Airport Noise as Public Bads: Comparative Remarks on Legal Challenges in Resolving the Neighbor Conflict Between the Airport and Landowners
ORCID (Links to author’s additional scholarship at ORCID.org)
Incompatible uses of land create neighbor conflicts connected with the notions of civil law immissions (non-trespassory invasions) or common law nuisance. These traditional instruments of resolving the neighbor conflict have their limitations when pollution (such as noise pollution produced by aviation) interferes with the use and enjoyment of land that affects numerous landowners. Lawmakers seek to resolve the neighbor conflict with public intervention in such circumstances. Instead of relying on the market, the state allocates entitlements, indicates how parties must behave, and prescribes the conditions under which lawmakers should conclude an agreement.
Interestingly, although the nuisance caused by airport noise has the same characteristics worldwide, no uniform solutions are applied. Existing literature regarding airport externalities concentrates on land values, land use, measuring noise, and the influence of noise on human health. Little has been written on legal solutions that seek to balance opposing sides’ interests and indemnify the aggrieved landowners. This Article aims to provide a comparative overview of how lawmakers seek to balance the interests of airports and homeowners in selected European jurisdictions, namely Germany, France, the Netherlands, and Poland. The analysis is based on Richard Posner’s positive analysis, which allows for a systematic description and explanation of the legal system. Understanding the regulating behavior and its effect on the regulated behavior is important when considering possible amendments and developments of the law. The Article begins with assessing the features of a neighbor conflict, analyzes potential property or liability solutions, and then focuses on the public intervention employed to resolve the conflict. A comparison of the various solutions and their underlying assumptions will allow assessing to what extent they are suitable to achieve the objective of conflict resolution and balancing of interests. This Article identifies inconsistencies in policies as compared to the applied economic and legal instruments to indicate good practices in resolving this particular neighbor conflict and provide a basis for future normative analyses.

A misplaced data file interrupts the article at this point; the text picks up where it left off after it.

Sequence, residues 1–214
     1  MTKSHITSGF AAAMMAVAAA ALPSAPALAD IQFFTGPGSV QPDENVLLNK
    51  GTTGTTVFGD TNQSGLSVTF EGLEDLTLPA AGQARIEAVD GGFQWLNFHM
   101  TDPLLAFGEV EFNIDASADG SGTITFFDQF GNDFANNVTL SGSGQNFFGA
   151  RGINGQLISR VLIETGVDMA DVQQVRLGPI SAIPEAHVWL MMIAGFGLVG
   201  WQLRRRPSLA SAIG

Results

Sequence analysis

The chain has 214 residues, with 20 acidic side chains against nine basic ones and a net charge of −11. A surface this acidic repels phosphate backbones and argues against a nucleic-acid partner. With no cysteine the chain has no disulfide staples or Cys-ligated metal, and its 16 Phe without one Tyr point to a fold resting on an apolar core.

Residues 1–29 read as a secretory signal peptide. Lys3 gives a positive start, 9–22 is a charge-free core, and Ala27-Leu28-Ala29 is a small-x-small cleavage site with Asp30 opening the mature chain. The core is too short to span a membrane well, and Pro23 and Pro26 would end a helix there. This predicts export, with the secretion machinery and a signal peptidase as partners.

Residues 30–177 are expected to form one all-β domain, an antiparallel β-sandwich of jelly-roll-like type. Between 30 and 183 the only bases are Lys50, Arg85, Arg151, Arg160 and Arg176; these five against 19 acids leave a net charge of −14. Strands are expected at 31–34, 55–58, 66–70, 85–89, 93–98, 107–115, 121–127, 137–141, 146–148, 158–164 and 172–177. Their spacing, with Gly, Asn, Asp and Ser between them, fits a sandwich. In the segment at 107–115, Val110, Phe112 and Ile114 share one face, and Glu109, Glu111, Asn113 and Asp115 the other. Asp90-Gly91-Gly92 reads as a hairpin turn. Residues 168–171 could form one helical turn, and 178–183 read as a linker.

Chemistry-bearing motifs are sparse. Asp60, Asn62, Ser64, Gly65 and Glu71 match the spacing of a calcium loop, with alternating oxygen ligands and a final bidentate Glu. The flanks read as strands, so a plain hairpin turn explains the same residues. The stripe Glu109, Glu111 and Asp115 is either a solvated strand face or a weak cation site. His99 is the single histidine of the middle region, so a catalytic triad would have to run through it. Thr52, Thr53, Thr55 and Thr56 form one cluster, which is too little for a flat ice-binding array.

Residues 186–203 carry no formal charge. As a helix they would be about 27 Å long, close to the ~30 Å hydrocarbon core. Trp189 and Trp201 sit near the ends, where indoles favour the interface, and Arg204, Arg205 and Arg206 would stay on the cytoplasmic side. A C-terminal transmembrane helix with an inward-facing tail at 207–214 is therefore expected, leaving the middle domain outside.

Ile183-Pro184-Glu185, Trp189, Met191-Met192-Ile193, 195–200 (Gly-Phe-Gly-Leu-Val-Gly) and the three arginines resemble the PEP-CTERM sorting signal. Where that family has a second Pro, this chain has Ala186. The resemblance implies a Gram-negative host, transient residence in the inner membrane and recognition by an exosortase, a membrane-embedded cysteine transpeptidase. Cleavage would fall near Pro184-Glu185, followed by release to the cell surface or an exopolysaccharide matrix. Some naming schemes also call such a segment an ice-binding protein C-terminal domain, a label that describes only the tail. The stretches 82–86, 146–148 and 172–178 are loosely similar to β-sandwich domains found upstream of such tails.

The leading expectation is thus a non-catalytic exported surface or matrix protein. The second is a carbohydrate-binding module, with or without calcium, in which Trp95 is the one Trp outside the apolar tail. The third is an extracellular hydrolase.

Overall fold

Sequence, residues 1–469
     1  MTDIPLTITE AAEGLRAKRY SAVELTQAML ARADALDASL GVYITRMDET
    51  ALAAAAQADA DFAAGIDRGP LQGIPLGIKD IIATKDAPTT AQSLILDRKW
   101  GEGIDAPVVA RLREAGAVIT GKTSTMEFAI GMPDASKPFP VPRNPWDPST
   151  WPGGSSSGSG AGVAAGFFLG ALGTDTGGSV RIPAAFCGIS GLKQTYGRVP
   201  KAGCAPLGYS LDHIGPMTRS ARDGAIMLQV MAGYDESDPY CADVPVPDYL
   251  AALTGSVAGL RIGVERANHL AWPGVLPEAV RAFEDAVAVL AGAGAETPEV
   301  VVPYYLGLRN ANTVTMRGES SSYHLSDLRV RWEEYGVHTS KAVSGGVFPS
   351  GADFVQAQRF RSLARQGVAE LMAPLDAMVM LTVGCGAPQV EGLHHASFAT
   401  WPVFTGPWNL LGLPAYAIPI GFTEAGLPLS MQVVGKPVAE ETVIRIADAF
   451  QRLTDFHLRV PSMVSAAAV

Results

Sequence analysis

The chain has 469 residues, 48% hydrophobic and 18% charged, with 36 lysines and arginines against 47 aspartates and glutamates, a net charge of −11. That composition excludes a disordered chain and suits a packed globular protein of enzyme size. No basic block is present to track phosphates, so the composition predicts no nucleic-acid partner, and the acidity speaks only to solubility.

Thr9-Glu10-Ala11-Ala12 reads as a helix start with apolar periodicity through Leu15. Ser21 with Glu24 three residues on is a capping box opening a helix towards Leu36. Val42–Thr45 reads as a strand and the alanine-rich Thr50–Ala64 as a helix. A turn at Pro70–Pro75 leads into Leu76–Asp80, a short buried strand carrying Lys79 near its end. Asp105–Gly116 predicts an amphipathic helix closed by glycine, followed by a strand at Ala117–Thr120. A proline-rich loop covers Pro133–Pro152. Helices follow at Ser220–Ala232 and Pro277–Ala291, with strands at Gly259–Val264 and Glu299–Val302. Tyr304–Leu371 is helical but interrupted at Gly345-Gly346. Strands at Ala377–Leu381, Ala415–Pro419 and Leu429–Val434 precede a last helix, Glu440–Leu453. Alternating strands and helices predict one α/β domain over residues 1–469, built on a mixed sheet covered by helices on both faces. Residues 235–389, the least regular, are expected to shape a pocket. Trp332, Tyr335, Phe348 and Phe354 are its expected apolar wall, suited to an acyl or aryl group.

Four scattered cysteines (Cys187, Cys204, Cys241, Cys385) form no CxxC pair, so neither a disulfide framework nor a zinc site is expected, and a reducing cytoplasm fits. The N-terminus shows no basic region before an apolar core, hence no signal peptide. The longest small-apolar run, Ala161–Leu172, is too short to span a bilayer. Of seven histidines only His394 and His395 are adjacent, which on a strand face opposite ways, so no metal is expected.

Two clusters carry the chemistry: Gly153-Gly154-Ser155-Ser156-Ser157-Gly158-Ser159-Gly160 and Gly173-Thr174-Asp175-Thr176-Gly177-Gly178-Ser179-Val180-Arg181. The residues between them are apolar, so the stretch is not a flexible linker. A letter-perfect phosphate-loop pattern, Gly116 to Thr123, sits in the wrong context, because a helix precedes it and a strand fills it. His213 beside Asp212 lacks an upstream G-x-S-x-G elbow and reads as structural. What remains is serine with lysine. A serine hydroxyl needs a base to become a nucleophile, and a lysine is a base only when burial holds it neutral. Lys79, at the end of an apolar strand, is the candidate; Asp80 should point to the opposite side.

Magdalena Habdas, Airport Noise as Public Bads: Comparative Remarks on Legal Challenges in Resolving the Neighbor Conflict Between the Airport and Landowners,
J. Air L. & Com.